by Jen O Neill
We’re increasingly hearing about how important it is for us to manage our terminology as it impacts documentation quality, translation cost, branding and customer satisfaction.
It’s no secret that most terminology problems start in the source content. Unfortunately the inconsistent use of terms in user interfaces, online and printed documentation, marketing material and web content often only comes to light during the translation when it can be too late or too expensive to fix.
Glossaries used by writers are often inadequate
Although we all probably use company glossaries or style guides to help us use terms correctly and consistently in our work, the glossaries often represent only a fraction of the terms we actually use in our work.
A clue that our glossaries may not be comprehensive enough can often come from the translators (our customers may also be having problems with our terms, but we’re rarely in contact with them).
Translators often complain that those responsible for creating the source content don’t document enough terms. They may receive a glossary from us with only a couple hundred terms or less to help them with their work. According to the terminologist, Barbara Inge Karsch, content creators document only around 20% of the terms needed by translators.
Also see our post on the SDL terminology survey last year.
For example, in my company we found out at the translation stage that we had five different ways of saying “power up” in our English manuals:
Power up, power on, energize, activate, start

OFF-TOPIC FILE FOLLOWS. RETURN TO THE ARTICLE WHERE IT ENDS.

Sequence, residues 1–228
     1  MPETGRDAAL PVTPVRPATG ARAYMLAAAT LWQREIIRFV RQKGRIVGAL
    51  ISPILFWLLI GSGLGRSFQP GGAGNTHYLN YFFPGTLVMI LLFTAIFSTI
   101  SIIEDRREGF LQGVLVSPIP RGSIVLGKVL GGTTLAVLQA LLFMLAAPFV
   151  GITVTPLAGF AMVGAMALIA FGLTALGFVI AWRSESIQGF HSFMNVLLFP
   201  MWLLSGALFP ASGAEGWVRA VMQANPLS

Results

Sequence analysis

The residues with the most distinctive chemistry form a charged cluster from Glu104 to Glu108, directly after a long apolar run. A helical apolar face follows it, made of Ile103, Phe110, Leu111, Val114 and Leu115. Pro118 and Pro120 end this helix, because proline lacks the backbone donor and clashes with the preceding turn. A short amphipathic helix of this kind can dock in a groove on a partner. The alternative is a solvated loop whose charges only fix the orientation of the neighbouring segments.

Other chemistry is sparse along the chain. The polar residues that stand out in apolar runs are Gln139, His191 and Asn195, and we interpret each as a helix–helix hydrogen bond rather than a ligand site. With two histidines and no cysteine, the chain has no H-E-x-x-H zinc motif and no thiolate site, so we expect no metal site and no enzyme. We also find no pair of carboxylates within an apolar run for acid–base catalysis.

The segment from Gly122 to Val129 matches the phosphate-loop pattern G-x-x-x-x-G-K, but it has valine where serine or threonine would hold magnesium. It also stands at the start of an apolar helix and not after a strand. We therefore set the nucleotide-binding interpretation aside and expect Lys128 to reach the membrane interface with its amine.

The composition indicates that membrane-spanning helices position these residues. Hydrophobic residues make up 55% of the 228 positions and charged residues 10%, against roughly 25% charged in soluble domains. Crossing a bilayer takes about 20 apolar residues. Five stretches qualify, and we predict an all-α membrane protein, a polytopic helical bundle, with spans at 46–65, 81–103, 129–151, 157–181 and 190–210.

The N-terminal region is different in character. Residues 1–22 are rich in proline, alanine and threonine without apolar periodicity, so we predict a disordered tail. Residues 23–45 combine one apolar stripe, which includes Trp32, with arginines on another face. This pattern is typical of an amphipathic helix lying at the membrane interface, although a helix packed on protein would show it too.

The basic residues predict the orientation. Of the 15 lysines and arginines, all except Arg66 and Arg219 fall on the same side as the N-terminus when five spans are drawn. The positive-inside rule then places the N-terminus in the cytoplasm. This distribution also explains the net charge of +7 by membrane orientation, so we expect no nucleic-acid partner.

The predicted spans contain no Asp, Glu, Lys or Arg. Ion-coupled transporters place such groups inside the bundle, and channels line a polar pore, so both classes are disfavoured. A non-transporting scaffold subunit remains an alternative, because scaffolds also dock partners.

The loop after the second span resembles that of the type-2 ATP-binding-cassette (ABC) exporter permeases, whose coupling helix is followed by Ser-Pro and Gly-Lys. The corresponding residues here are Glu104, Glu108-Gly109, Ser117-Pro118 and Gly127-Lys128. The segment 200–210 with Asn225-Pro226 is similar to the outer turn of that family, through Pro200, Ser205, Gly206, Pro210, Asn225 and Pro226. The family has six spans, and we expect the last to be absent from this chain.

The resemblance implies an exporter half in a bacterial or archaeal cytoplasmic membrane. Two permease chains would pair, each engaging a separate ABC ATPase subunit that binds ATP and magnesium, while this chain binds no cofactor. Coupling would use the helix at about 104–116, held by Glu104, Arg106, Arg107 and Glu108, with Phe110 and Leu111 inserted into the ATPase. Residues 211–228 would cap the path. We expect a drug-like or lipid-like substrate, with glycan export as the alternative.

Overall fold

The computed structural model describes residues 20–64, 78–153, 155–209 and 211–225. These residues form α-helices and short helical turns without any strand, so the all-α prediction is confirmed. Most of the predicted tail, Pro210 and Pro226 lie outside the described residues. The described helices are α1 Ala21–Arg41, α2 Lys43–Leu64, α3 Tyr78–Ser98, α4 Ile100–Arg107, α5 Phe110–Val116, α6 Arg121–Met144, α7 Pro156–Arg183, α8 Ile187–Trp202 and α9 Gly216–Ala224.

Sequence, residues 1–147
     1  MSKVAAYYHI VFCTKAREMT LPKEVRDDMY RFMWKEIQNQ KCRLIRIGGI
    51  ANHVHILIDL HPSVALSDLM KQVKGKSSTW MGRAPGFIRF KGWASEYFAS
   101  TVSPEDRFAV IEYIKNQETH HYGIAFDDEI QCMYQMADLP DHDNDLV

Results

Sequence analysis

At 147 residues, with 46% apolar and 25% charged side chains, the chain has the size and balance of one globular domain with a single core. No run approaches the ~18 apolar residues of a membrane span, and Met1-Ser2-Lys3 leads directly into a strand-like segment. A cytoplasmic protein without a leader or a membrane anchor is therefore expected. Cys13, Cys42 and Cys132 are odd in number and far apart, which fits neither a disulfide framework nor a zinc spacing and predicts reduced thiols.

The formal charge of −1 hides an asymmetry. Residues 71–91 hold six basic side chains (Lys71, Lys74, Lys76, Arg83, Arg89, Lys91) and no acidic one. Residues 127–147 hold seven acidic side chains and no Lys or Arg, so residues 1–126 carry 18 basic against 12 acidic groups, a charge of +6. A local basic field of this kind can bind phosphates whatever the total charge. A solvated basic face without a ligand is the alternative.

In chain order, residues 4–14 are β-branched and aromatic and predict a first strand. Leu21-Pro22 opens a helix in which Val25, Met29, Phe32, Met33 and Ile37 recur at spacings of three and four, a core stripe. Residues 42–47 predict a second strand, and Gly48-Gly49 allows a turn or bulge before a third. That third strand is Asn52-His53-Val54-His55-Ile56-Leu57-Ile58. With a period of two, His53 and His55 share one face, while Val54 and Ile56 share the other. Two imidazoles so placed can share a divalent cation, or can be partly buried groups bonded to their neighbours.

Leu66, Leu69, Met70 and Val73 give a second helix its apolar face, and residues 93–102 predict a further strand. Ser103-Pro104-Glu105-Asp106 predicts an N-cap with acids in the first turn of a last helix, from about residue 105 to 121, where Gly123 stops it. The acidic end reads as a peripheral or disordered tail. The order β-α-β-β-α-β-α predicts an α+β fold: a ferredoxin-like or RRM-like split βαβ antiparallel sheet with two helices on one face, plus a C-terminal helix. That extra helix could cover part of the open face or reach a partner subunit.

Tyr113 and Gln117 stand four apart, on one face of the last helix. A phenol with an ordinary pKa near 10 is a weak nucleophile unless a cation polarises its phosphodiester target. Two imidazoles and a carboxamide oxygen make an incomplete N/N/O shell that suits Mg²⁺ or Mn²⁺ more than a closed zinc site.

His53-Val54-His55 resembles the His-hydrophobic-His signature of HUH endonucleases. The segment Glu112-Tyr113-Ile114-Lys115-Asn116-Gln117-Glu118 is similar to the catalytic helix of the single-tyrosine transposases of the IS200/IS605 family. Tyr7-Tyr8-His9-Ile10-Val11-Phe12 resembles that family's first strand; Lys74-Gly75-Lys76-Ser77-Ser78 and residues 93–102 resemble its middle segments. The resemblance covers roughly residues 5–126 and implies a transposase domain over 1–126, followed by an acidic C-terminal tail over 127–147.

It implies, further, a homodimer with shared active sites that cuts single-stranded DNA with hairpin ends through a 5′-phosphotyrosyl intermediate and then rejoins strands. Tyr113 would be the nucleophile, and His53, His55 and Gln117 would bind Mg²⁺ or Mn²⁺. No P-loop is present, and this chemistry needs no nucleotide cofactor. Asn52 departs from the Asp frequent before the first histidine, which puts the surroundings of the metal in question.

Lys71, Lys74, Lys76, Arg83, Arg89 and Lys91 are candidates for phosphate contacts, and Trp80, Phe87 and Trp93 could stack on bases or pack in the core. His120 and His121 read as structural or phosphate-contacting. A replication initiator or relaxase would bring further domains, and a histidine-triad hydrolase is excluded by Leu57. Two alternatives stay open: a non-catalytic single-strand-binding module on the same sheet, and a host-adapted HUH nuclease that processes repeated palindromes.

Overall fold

However, only one of these terms, “power up”, was included in our glossary. The other four were unapproved undocumented terms that had all been used (several times) at some stage by writers. Perhaps when reusing existing content from different products or by a contract writer new to our products.
How many terms should we document?
It depends. It depends on the size of your project, the complexity of the products being documented, number of terms already documented, your budget and resources.
Barbara Inge Karsch has a good discussion on selecting terms in her blog post “How many terms do we need to document?”
However, few companies can afford the services of a dedicated terminologist. Indeed smaller companies may not even have an editor to help ensure that terms are correctly used by writers.
As technical writers we have to stop pretending that terminology is a “translation problem”.
We’re implicated as creators of the source content. We need to ensure that we develop comprehensive glossaries at the start of a project. This will free developers, writers, and ultimately translators, from spending time researching the terms themselves and potentially coming up with multiple terms for the same feature, which then go undetected throughout the product life cycle and can impact usability and incur extra costs.
Heading towards terminology management
Ideally we shouldn’t be keeping our terminology in a style guide or spreadsheet as they can eventually become too inflexible. Unfortunately terminology management tools are still expensive. For many of us, particularly if we’re lone writers or work for a smaller company, they may not yet be an affordable option. This is why Microsoft Excel is so widely used in the tech communication environment to manage glossaries. Everyone has it.
So spreadsheet tools are useful to help start us managing our terminology as they let us collect the terms we work with. And that’s the challenge, collecting the terms. Developing and maintaining a comprehensive glossary is hard work. But the sooner it is done in the documentation process, the better.
As Barbara Inge Karsch says,“As terminology management becomes more accessible and as needs for terminology data become more important, it is up to content creators and LSPs [localisation service suppliers] to learn more about this area and to find ways to consider terminology requirements earlier on in the document creation process.”